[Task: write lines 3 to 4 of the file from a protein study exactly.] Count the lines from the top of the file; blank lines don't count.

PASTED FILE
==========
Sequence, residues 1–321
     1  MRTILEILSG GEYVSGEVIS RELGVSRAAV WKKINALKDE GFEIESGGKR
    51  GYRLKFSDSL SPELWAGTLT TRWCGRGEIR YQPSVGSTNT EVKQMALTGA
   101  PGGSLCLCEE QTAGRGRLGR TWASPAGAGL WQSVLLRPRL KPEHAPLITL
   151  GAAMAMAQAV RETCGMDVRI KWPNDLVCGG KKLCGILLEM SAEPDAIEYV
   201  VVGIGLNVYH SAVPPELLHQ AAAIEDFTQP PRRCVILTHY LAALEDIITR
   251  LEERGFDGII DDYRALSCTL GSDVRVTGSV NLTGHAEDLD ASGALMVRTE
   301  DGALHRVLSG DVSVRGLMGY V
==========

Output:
    51  GYRLKFSDSL SPELWAGTLT TRWCGRGEIR YQPSVGSTNT EVKQMALTGA
   101  PGGSLCLCEE QTAGRGRLGR TWASPAGAGL WQSVLLRPRL KPEHAPLITL